- In the case of images with multiple authors, the instigator of the image will be considered to be the principal author and the one who “owns” the image. The principal author MUST have performed the majority of the work to produce the image. All authors MUST be identified and named in the entry form along with their contributions to the production of the image.
- Entries must be in digital form and will be accepted ONLY through submission via the dedicated website at: afterdark.myphotoclub.com.au
- To preserve anonymity, the submitted image files should not contain identifying metadata.
- For judging purposes, still images must be submitted as JPG files with the longest side having a dimension no greater than 4,950 pixels in Adobe 1998 colour space.
- All photographs must have been taken no more than 2 years before the closing date of entry.
- Entry fees are $20 for the first entry and $10 each subsequent entry. Fees should be paid by the PayPal gateway on the entry website. Credit and debit cards can be used on this gateway.
- If entry payments are not received by the deadline, then the submitted entries will not be accepted for judging.
- Photographers of the top 20 images (5 in each category) will be notified 15 September and images printed, framed and hung by the organising. Artists may choose to pay $55 for this service to be undertaken on their part or undertake printing and framing at their own cost. Images must be ready for hanging 17:00 (AEST) 29 September 2021.
- Images will be listed on sale during the exhibition at the artist’s discretion. $100 of the sale will be donated to the charity the Australasian Dark Sky Alliance.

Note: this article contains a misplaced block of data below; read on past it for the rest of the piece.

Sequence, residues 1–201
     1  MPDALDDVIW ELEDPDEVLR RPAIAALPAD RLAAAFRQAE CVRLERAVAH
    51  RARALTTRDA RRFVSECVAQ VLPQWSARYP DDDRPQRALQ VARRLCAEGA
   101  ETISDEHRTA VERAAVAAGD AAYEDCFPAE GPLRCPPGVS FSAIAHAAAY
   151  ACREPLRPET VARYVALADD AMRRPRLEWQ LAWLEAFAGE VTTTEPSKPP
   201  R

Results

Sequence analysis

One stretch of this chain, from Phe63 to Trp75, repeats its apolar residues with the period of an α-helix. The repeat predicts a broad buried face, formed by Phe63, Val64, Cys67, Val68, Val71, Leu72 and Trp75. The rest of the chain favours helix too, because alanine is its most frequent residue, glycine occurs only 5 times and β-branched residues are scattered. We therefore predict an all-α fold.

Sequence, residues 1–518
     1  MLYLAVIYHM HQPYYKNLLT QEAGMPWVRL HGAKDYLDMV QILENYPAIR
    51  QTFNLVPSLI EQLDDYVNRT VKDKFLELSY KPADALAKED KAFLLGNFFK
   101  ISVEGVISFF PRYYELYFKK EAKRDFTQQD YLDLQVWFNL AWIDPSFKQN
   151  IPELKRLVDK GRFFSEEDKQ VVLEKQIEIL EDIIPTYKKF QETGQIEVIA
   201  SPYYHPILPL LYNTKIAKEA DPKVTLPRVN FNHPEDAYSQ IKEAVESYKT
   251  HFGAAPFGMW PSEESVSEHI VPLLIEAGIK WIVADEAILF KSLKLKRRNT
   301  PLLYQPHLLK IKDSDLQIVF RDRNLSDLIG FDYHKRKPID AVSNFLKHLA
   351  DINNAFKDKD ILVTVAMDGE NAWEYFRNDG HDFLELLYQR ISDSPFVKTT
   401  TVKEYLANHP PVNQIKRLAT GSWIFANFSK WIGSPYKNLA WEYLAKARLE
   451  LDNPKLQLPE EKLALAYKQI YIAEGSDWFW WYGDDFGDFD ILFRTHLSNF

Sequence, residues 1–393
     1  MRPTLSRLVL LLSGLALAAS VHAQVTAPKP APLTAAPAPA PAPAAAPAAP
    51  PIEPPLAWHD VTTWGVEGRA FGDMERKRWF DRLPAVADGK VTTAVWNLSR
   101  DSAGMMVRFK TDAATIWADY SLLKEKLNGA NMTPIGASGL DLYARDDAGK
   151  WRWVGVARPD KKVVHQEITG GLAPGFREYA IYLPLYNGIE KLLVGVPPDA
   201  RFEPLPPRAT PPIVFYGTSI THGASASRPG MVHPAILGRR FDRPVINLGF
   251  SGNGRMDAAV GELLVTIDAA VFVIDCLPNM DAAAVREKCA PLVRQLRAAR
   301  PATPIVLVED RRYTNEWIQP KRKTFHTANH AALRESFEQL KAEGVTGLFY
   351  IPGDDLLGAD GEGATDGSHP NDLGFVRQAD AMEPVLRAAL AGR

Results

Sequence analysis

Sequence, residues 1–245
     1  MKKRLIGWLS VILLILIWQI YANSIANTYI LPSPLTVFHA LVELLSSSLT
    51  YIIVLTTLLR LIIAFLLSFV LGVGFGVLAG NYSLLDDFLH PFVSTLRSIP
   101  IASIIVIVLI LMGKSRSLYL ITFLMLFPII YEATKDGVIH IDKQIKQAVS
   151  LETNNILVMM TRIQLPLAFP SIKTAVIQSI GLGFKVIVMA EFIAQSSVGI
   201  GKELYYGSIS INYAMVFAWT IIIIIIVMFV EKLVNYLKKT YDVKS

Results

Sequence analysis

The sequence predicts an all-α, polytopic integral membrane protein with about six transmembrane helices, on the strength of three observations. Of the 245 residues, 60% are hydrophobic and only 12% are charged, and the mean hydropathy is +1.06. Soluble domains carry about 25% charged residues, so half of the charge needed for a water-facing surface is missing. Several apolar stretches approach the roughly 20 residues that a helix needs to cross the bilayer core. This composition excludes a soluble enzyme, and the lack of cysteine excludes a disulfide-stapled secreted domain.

- Winners for the Land Scape, Sea Scape, Sky Scape and Youth entry will be announced Thursday 30th September 2021.
- People’s choice will confirmed by popular vote throughout the exhibition and will be announced on Saturday 30 October, 2021.
- Submissions close at 24:00 (AEST) on Wednesday, 1 September 2021. No entries will be accepted past this date.
- All winners should make an effort to attend the presentation of the awards on 30 September 2021
- The winning entries will be exhibited for the entire Exhibition After Dark, at the Studio, Careel Bay Marina between 30 September and 2 November, 2021.
- Permission to reproduce entries for publication to promote the competition and exhibitions and dark sky-related events and activities on the northern beaches will be assumed as a condition of entry. The copyright of the image remains with the author, and we will try to ensure that the author is credited where the image is used.
- All entries must be true images, faithfully reflecting and maintaining the integrity of the subject. Entries made up of composite images taken at different times and/or at different locations and/or with different cameras will not be accepted. Image manipulations that produce works that are more “digital art” than true astronomical images, will be deemed ineligible. If there is any doubt about the acceptability of an entry, then the competition organisers should be contacted, before the entry is submitted, for adjudication on the matter at the following email address: email@example.com
- If after the judging process, an image is subsequently determined to have violated the letter and/or the spirit of the rules, then that image will be disqualified. Any prizes consequently awarded for that image must be returned to the competition organisers.
- The competition judges reserve the right to reject any entry that, in the opinion of the judges, does not meet the conditions of entry or is unsuitable for public display. The judges’ decisions will be final.
- Submission of an entry implies acceptance of all the conditions of entry and the decisions of the competition judges.
- Entries Open: 24:00 (AEST) Sunday, 11 July 2021
- Entries Close: 24:00 (AEST) Wednesday, 1 September 2021
- Top 20 announced: 17:00 Wednesday, 15 September 2021
- Photography bump in: Midday Wednesday 29 September 2021
- Exhibition Launch and Presentation of Awards: Thursday 30 September 2021
- Bump out – 2 November 2021
- Category Winner: An image deemed to be the best in that category as judged by the judging panel.
- “The People’s Choice”: This will be judged by gathering votes obtained in the exhibition venue, and online.